Podcast #128: We chat with Kent C Dodds about why he loves React and discuss what life was like in the dark days before Git. Listen now.

# Tag Info

2

How large is the non-normalized scale factor (solution of the Friedmann equation) in today‘s universe? Scale factor by itself does not mean anything. The important thing is the ratios of the two scale factors. If we are describing the expansion of the universe in terms of the scale factor, the important question becomes, scale factor relative to what ? ...

1

Take any two particles A and B that have interacted with each other, and they are for all practical purposes forever entangled. If particle C then interacts with B, C is thereafter entangled with both B and A, and so on and on. The entanglement with a particle Z gets more and more diluted as the number of interactions with other particles increases between ...

5

Because we don't know whether the Universe is finite or infinite, it does not make sense to talk about an absolute size, or radius, of the Universe. Instead we use an arbitrary, dimensionless scale called the scale factor, usually denoted $a$. As the Universe expands, all (cosmological) distance scale with $a$. We define this to be equal to unity today, and ...

6

The scale factor $a$ has an arbitrary normalization. Typically people take $a=1$ for the present time.

0

At least for the first question, if I understand correctly what you are doing, the data you have are actually $b(z,i)$ so the biais as a function of the redshift $z$ and the type of the galaxy $i$. Therefore the the fact that the bias is zero is then an information and removing this value from the dataset will remove information on your system because you ...

2

If there were different regions, some with matter and others with antimatter, we would see the telltale signs of annihilation at the boundaries between them, there is none. As to why there's only matter when both matter and antimatter should be produced in equal amounts, don't know, pretty big mystery.

17

The answer touches upon the concept of Big Bang Nucleosynthesis (BBN), which is excellently explained on a graduate level in Baumann's lecture notes. The key idea is the following: In order to form metals (anything heavier than hydrogen and helium), you need deuterium nuclei. But deuterium nuclei are only formed significantly when the temperature of the ...

2

Hubble observations can only produce a local measurement of Hubble constant $H_0$. The cosmic ladders such as cepheids and supernovae are used to arrive at the Hubble parameter $H(t)$ at low redshift. In other words, Hubble observations only tell you the cosmic behavior of the recent epoch. It's a snapshot of the universe in its adulthood, with beards and ...

2

You have partly answered your own question. The Planck measurements are more precise. Moreover, it is generally assumed, perhaps wrongly, that the measurements based on the cosmic microwave background are subject to fewer systematic uncertainties than other methods. You also need to think about how the age is derived. For that you need more than just the ...

1

I think that you have a confusion between redundant information and uniform probability distribution. To answer 1) and 2) The error here is that the probability distribution is not the one you think. You only have one possible outcome (assuming that only microstate $j$ is observed) so you have a Dirac distribution \begin{equation} P_i = \left\{ \begin{array}{...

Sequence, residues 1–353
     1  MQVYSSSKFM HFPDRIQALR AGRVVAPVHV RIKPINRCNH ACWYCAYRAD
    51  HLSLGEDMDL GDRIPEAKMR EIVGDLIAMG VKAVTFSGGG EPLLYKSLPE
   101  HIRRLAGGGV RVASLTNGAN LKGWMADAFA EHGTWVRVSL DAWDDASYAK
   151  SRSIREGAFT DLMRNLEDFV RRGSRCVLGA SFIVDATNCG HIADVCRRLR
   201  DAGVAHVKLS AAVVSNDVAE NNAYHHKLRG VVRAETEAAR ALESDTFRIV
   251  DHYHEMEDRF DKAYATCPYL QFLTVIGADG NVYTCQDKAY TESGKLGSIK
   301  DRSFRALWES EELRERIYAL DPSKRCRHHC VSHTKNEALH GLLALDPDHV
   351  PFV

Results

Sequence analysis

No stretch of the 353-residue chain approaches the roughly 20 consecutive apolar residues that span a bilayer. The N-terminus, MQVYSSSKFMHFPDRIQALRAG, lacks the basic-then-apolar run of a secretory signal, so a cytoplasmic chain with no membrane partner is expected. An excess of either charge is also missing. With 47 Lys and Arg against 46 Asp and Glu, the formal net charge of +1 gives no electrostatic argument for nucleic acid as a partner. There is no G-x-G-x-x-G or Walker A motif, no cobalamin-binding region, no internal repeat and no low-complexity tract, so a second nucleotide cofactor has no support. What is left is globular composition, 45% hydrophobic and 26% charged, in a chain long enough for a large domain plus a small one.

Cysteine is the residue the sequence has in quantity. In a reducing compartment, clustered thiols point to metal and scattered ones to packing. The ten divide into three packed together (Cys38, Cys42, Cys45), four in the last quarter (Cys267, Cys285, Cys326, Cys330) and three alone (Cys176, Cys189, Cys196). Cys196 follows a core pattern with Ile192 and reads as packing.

0

Reading the phrase you cited I think you are studing large-scale structure formation, right? If so, you can think those modes as waves randomly moving in the Universe. Each modes corresponds to a wave with a respective frequency. That is, we know the relation between $k$ and $\lambda$. It is possible because we already assumed the fluctuation field can be ...

2

$h$ is a dimensionless version of the Hubble parameter $H_0$: $$H_0=h\times 100\text{ km s}^{-1}\text{ Mpc}^{-1}$$ (See Wikipedia.) For example, $h=0.7$ means that the Hubble parameter is 70 kilometers per second per megaparsec.

3

This is a question that entails the ability to manage QCD at low energies and this is an active field of research yet as we are not able to do it, unless for lattice computations. It can be considered as part of the more general problem of the determination of the phase diagram of QCD (see my answer here). The idea of chiral symmetry breaking in strong ...

0

As a warm-up, let's think about this in the context of a Newtonian cosmology, such as the one that Newton originally envisioned, with a uniform mass distribution that stays in (unstable) equilibrium because all forces cancel by symmetry. You're proposing setting the whole universe in translational motion. However, this is an unobservable thing. Newton can ...

2

The second law essentially just says the most likely thing that can happen will happen. If this law is violated for the universe then there would need to be some sort of external influence that makes this not the case. In other words, treating the universe as an entire system, it couldn't be a closed system so that something external could lower the entropy ...

1

So take a look at the definition of the Fisher Information: $$\mathcal{I}(\theta) = E\left[ \left. \left( \frac{\partial}{\partial \theta} \log f(X;\theta) \right)^2 \right| \theta \right] = \int \left( \frac{\partial}{\partial \theta} \log f(x;\theta) \right)^2 f(x;\theta) dx$$ Nowhere in the above will you find any $p(\theta)$. That is because the ...

4

Short answer: Yes, mostly, with some exceptions. Long answer: Nuclei can only be changed by nuclear processes. So the everyday chemical transformations that go on in our bodies and in the world around us do not affect the nuclei of the atoms involved. However, some nuclei are naturally unstable and will spontaneously decay or transform themselves into ...

0

I think it is just slight misunderstanding. Big bang itself indeed denote the moment of singularity in the universe. Big bang theory is a theory that describe the evolution of the universe assuming there is such moment of singularity in the beginning of its evolution. Compare for example to the steady-state theory for which the universe is expanding but ...

1

Yes, that's how it's done. You can see that it furnishes an estimate rather than a precise answer; that estimate can be improved by other techniques that astrophysicists have in their toolbox.

1

The Big Bang was a singularity. By analogy, the function $f(x)=1/\sqrt{x}$ has a domain $(0,\infty)$, which doesn't include $x=0$ because the function misbehaves there. The Big Bang singularity is technically not considered an "event" because it's not a point or set of points that we include on the spacetime manifold. So time since the big bang means the ...

0

The expansion event we call the "Big Bang" had a beginning. Depending on the context, that term can either refer to its beginning point (or very close to it) in time, or to the first few minutes of it during which all the hydrogen and helium in the early universe was formed.

3

What is referred to as the "Hubble constant", $H_0$, is in fact the value of the Hubble parameter now. The Hubble parameter, defined as $\dot{a}/a$ where $a(t)$ is the scale factor, varies with cosmic epoch. It was larger in the past and it seems to be decreasing now.

1